Tags

Type your tag names separated by a space and hit enter

Effect of a 1 year combined aerobic- and weight-training exercise programme on aerobic capacity and ventilatory threshold in patients suffering from coronary artery disease.
Eur J Appl Physiol. 2002 Oct; 87(6):568-75.EJ

Abstract

Weight-training is recommended as a complement to conventional aerobic-training for most low to moderate risk patients suffering from coronary artery disease (CAD). The purpose of this study was to evaluate the effect of a 1 year exercise programme combining weight- and aerobic-training on peak oxygen uptake (V*O2,peak) and ventilatory threshold (VT). We studied 40 men suffering CAD who were divided into three groups: 14 subjects to weight-training plus aerobic-training [mean (SD] [combined exercise group, age 55 (10) years], 14 to aerobic-training only [aerobic-training group, age 57 (11) years], and 12 to a control group [standard care, age 57 (11) years]. A symptom-limited graded exercise test using the standard Bruce protocol was performed using a 12-lead electrocardiogram, and gas analysis techniques. Muscle strength was determined only in the combined exercise group using the one-repetition maximum method on each of eight weight exercises. Arm and leg strength increased by 21.9% and 27.8% respectively (P<0.0001) from pre to post-tests. The V*O2,peak did not differ between the combined and aerobic-training groups but their adjusted means were greater than those of the control group [39 (1.8) and 35.3 (1.8) compared to 26.2 (2.7) ml.kg(-1).min(-1) (P<0.001)]. The oxygen uptake at VT was higher in the combined group [24.7 (1.4) ml.kg(-1).min(-1)] compared to aerobic [18.7 (1.4) ml.kg(-1).min(-1)] and control [13.6 (1.7) ml.kg(-1)min(-1)] groups (P<0.001). Similar results were found for exercise tolerance (treadmill time to peak and at VT). Combined exercise training increased the VT more than aerobic-training alone. Combined exercise training did not improve the V*O2,peak or the functional capacity more than aerobic-training alone.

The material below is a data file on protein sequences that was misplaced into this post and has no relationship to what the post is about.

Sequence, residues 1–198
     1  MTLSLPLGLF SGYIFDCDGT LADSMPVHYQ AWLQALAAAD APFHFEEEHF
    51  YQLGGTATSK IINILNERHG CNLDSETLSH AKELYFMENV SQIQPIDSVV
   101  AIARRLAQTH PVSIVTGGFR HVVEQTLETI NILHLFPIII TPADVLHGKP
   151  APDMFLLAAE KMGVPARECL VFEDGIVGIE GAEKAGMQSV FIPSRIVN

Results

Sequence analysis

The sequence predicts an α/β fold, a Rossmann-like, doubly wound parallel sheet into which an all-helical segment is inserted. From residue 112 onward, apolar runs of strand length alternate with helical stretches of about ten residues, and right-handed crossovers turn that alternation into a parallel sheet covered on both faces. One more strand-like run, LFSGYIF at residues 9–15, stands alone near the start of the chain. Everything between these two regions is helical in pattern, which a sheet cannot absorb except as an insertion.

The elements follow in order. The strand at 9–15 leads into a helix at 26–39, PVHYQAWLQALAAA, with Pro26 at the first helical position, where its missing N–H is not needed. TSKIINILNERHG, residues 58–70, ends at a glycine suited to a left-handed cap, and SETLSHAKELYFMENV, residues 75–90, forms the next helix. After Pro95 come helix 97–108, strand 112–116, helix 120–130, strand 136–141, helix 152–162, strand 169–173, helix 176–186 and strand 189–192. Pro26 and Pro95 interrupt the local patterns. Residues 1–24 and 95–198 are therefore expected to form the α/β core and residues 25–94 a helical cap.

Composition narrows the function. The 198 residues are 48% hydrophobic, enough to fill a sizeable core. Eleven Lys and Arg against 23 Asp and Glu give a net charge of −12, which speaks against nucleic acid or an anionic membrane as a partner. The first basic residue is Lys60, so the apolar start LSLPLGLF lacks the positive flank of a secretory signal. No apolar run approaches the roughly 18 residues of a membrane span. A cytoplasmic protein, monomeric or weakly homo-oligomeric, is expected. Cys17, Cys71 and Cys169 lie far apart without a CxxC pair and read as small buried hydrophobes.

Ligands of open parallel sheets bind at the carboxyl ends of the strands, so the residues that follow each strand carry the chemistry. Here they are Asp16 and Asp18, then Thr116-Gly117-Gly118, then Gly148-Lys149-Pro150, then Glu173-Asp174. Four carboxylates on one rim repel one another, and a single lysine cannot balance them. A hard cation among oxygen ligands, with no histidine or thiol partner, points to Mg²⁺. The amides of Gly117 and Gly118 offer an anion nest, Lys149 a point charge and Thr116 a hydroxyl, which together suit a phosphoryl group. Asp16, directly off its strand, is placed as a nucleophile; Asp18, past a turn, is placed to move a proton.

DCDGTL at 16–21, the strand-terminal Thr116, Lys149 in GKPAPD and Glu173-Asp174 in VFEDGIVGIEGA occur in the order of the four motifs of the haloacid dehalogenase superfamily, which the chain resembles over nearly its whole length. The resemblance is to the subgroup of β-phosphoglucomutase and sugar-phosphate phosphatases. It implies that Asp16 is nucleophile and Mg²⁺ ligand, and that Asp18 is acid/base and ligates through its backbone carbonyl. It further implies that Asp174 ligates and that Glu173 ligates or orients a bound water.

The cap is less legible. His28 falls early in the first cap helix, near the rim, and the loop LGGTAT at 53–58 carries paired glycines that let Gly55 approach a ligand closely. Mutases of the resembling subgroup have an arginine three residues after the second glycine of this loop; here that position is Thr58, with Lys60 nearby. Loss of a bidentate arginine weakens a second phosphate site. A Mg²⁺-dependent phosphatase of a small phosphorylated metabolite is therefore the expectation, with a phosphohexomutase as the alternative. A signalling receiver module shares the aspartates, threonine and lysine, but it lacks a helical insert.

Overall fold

Authors+Show Affiliations

Exercise and Health Department, Faculty of Human Movement, Technical University of Lisbon, Estrada da Costa 1495-688 Cruz-Quebrada, Lisbon, Portugal. santaclara@fmh.utl.ptNo affiliation info availableNo affiliation info availableNo affiliation info available

Pub Type(s)

Journal Article
Research Support, Non-U.S. Gov't

Language

eng

PubMed ID

12355198

Citation

Santa-Clara, Helena, et al. "Effect of a 1 Year Combined Aerobic- and Weight-training Exercise Programme On Aerobic Capacity and Ventilatory Threshold in Patients Suffering From Coronary Artery Disease." European Journal of Applied Physiology, vol. 87, no. 6, 2002, pp. 568-75.
Santa-Clara H, Fernhall B, Mendes M, et al. Effect of a 1 year combined aerobic- and weight-training exercise programme on aerobic capacity and ventilatory threshold in patients suffering from coronary artery disease. Eur J Appl Physiol. 2002;87(6):568-75.